Everquest Financial, which has ties to troubled hedge funds run by Bear Stearns, has called off a planned initial public offering, CNBC's Charles Gasparino reported, citing people familiar with the matter.
Everquest was formed in May by several Bear Stearns executives and it filed for a IPO shortly afterward.
"(Everquest) has some of the same money managers as the hedge funds, and this company was essentially investing in a lot of the same instruments as those hedge funds," Gasparino said on CNBC's "Power Lunch."
Two Bear Stearns hedge funds have been on the brink of collapse this week after bets on the subprime mortgage market went bad. The story is being closely watched on Wall Street for its potential impact on financial markets.
Earlier Thursday, Merrill Lynch sold about $100 million of the $850 million in collateralized debt obligation bonds it seized from the troubled hedge funds.
Merrill had seized the assets on Wednesday. That move marked its departure from the fund, along with at least three other banks that closed their positions, sources told Reuters. But the failure to sell the entire block may have indicated the investment bank was unhappy with bids received on the assets, a fund manager said.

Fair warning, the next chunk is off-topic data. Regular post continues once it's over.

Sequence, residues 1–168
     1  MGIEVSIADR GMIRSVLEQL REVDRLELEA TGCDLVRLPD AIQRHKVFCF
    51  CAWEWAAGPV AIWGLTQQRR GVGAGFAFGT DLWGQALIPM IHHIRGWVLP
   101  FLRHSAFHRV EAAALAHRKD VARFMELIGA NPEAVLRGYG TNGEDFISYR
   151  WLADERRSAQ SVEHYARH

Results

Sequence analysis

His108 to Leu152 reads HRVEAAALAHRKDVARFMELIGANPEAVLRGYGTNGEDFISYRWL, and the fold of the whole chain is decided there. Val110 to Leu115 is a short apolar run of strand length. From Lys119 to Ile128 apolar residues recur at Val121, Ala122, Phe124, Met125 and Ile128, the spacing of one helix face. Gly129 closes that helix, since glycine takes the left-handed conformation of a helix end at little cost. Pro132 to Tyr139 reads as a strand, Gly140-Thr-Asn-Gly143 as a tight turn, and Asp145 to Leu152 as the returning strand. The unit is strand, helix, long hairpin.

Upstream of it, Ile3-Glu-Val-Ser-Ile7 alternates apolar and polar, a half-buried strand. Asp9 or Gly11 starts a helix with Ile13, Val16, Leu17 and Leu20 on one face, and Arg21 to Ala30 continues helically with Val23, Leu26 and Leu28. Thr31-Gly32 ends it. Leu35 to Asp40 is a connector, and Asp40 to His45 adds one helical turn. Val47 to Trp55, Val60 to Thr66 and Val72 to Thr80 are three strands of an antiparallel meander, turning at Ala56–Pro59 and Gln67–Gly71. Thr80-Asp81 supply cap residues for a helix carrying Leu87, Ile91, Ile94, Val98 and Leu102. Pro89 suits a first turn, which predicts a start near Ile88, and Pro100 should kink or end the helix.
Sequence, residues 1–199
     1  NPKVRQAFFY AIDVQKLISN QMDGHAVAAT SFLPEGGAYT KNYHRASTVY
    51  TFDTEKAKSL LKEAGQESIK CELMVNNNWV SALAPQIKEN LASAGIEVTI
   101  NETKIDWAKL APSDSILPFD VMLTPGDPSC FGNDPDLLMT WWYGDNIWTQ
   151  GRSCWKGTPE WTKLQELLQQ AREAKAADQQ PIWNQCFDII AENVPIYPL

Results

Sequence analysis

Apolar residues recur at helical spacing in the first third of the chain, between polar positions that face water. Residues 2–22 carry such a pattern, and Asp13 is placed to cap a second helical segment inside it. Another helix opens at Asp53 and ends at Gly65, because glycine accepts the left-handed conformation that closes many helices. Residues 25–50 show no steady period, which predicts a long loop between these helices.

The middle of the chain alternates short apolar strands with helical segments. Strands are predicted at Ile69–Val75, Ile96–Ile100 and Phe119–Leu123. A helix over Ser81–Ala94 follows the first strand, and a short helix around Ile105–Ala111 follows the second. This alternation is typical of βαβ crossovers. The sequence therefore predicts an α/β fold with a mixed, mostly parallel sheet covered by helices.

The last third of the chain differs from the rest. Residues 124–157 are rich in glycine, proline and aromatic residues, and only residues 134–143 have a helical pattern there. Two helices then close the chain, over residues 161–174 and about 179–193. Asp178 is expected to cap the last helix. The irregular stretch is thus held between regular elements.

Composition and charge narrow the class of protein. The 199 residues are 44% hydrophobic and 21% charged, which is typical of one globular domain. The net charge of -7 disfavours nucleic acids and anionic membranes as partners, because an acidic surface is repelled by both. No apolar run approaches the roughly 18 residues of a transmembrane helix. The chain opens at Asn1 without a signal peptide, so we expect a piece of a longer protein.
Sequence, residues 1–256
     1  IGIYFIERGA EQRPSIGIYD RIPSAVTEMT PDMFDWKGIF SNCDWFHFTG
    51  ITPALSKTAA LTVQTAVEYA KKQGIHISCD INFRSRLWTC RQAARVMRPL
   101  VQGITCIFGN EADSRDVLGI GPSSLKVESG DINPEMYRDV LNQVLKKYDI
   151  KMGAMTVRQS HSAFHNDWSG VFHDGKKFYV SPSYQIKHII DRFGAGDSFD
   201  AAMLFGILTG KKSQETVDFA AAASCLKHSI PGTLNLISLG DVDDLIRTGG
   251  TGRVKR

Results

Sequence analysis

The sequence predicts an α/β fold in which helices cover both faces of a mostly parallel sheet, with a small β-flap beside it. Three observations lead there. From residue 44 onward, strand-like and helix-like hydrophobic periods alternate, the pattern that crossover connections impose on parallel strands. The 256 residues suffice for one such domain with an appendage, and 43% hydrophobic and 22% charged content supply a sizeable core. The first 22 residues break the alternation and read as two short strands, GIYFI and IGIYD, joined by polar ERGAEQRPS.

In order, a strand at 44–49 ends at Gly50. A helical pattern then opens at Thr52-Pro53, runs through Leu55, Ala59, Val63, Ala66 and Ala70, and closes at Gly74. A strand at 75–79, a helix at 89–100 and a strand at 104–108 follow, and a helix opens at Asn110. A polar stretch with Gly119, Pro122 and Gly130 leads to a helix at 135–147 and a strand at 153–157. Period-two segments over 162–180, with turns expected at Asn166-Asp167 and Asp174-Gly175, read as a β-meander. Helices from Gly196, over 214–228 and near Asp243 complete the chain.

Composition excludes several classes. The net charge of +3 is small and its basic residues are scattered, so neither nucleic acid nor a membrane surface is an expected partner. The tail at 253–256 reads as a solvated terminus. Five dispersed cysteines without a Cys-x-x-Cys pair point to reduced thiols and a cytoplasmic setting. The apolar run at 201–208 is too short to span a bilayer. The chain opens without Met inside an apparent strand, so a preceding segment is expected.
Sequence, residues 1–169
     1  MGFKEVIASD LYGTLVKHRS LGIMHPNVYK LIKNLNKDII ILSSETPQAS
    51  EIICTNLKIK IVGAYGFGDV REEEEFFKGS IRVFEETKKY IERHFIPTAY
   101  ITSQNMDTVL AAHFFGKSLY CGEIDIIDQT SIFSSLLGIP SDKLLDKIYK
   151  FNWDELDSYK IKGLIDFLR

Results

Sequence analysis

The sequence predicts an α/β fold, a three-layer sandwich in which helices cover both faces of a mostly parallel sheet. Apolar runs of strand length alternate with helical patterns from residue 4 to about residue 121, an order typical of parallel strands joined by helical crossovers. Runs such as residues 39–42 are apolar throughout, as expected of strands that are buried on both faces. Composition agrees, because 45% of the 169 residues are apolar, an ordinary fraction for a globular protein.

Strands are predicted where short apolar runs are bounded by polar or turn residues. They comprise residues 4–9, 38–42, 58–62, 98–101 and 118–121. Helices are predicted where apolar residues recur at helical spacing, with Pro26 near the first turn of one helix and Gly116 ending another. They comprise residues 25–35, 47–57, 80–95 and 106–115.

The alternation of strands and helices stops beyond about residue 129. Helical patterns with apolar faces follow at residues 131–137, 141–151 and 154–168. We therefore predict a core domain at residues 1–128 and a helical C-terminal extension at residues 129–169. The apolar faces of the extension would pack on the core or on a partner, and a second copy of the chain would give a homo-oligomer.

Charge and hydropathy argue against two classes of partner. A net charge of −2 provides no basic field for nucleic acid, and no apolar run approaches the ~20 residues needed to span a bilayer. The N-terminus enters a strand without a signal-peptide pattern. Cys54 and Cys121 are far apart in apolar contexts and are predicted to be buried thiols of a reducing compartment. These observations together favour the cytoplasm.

The sales of the CDOs have stirred controversy in the market since the securities are not often traded, and some managers contend the assets' values are inflated over what they could garner if sold.
The two hedge funds - called High Grade Structured Credit Strategies Enhanced Leverage Fund and High Grade Structured Credit Strategies Fund - made bad bets on securities linked to subprime mortgages and turned in significant losses through April. The funds are reported to be working with adviser Blackstone Group to restructure.
In an appearance on CNBC's "Squawk on the Street", Faber said the need to liquidate the assets in the fund could not only impact the value of similar securities but also have a ripple effect on the value of other types of securities and even the recent string of leveraged buyouts.
The assets in the two Bear Stearns funds were mostly complex collateralized debt obligations, and there is concern that the liquidation of these assets could force other mortgage funds to mark down the value of their assets and realize losses on their securities.
According to Faber, many hedge funds have been investing in these types of securities because they have a high yield. These types of high-yield securities have helped fuel the private-equity boom.
"That's a larger question, and why you are seeing a lot of concern here even though these hedge funds themselves are small," Faber said. "And it may be very much contained. And this may be much ado about nothing."
Faber said that investors should watch a number of pending private-equity deals because the buyers still need to raise a lot of cash to complete them. These deals include the acquisition of First Data and Alltel.
Sources have told Faber that TPG Capital and GS Capital Partners, the private investors involved in the $24.8 billion buyout of Alltel, are attempting to place the bridge loan for the transaction much sooner than one would expect.